- If $y < a < x$, then $W_k(y) = L_{k-1}(x)$.
- If $y < x < a$, then if $x+z > 1$, we lose. Else, $W_k(y) = L_{k-1}(x+z)$.
- If $x < y < a$, then if $x+z > 1$ or $x+z < y$, we lose. Otherwise, $W_k(y) = L_{k-1}(x+z)$.

Expressing as integrals, the probability of winning with threshold $a$ is:

\begin{align*}

W_k(y,a) &=

\int_a^1 L_{k-1}(x)\,\mathrm{d}x

+ \int_y^a \int_{0}^{1-x} L_{k-1}(x+z)\,\mathrm{d}z\, \mathrm{d}x

+ \int_0^y \int_{y-x}^{1-x} L_{k-1}(x+z)\,\mathrm{d}z\, \mathrm{d}x\\

&= \int_a^1 L_{k-1}(x)\,\mathrm{d}x

+ \int_y^a \int_{x}^{1} L_{k-1}(v)\,\mathrm{d}v\, \mathrm{d}x

+ \int_0^y \int_{y}^{1} L_{k-1}(v)\,\mathrm{d}v\, \mathrm{d}x\\

&= \int_a^1 L_{k-1}(x)\,\mathrm{d}x

+ \int_y^a \int_{x}^{1} L_{k-1}(v)\,\mathrm{d}v\, \mathrm{d}x

+ y \int_{y}^{1} L_{k-1}(v)\,\mathrm{d}v

\end{align*}This player will pick $a \in [y,1]$ to maximize this probability of winning. In other words:

\[

W_k(y) = \underset{a \in [y,1]}{\text{maximize}}\; W_k(y,a)

\]The maximum will occur when the derivative with respect to $a$ is zero, or at $a=y$. Therefore, we have:

\[

a_k^\star(y) = \begin{cases}

\text{soln. of }L_{k-1}(a) = \int_{a}^1 L_{k-1}(v)\,\mathrm{d}v & \text{if it satisfies }a > y \\

y & \text{otherwise}

\end{cases}

\]Next, we can recursively compute $L_k$. In order for all players to lose, the current player must lose, and so must all others. This happens when the first spin is below the threshold, the second spin doesn’t beat $y$, and all subsequent players lose. In other words,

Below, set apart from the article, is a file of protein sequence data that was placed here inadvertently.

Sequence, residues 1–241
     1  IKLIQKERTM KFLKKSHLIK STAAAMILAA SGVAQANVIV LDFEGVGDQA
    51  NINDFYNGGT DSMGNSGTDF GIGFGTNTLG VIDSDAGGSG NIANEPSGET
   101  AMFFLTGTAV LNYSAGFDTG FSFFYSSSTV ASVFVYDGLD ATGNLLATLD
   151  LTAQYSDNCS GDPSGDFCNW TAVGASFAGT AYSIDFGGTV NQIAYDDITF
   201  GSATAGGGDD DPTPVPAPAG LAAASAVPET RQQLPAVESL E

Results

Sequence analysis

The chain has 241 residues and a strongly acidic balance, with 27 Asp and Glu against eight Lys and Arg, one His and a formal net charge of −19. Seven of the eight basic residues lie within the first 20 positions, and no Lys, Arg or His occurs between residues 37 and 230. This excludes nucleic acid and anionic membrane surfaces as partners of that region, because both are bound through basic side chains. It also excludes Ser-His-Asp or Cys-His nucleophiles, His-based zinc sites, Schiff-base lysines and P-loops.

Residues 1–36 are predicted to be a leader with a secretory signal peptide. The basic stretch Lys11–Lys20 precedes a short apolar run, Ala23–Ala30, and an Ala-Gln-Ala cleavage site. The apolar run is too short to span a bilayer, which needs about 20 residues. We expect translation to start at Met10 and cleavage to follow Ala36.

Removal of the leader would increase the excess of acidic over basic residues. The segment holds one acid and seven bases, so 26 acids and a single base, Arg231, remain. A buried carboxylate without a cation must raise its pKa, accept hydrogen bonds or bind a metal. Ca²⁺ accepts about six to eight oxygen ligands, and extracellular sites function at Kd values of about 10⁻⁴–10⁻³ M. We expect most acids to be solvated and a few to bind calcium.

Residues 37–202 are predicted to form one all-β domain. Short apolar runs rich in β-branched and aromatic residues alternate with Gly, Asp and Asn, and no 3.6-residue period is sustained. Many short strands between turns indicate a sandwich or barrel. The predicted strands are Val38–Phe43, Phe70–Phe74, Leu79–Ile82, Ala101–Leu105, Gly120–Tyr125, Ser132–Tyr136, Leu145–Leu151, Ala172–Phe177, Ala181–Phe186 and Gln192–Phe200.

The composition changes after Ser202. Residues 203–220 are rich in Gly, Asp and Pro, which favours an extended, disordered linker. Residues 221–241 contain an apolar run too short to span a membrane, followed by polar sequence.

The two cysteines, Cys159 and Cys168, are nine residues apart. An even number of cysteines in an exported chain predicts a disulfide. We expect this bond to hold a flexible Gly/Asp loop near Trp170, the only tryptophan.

\begin{align*}

L_k(y) &= \int_y^{a_k^\star(y)}

\int_{1-x}^1 L_{k-1}(y)\,\mathrm{d}z\,\mathrm{d}x

+

\int_0^{y}\left(

\int_0^{y-x} L_{k-1}(y)\,\mathrm{d}z +

\int_{1-x}^1 L_{k-1}(y)\,\mathrm{d}z\right)\mathrm{d}x \\

&= \left( \int_y^{a_k^\star(y)}

\int_{1-x}^1 \mathrm{d}z\,\mathrm{d}x

+

\int_0^{y}\left(

\int_0^{y-x} \mathrm{d}z +

\int_{1-x}^1 \mathrm{d}z\right)\mathrm{d}x\right)L_{k-1}(y) \\

&= \left( \int_y^{a_k^\star(y)}

x\,\mathrm{d}x

+

\int_0^{y} y\, \mathrm{d}x\right)L_{k-1}(y) \\

&= \tfrac{1}{2}\left(a_k^\star(y)^2 + y^2\right) L_{k-1}(y)

\end{align*}The reason this can simplify so much is that the integrands are evaluated at $y$ because when the present player loses, the “best spin” does not change for subsequent players!

### Two players

Applying the recursive formulas above, we find:

\begin{align*}

W_1(y) &= 1-y^2 \\

L_1(y) &= y^2 \\

W_2(y,a) &= \tfrac{1}{12}\left(4+4 a-4 a^3-a^4-3 y^4\right)

\end{align*}Things are starting to get messy… It turns out the optimal $a$ is given by:

\[

a_2^\star(y) = \max\left\{y, 2 \cos \left(\tfrac{2 \pi }{9}\right)-1\right\} \approx \max\{y,0.532089\}

\]Finding $W_2(y)$ is even messier, but thankfully, in this case, we can just let $y=0$ because the second last player is also the first player! This gives us a probability of winning of approximately:

\[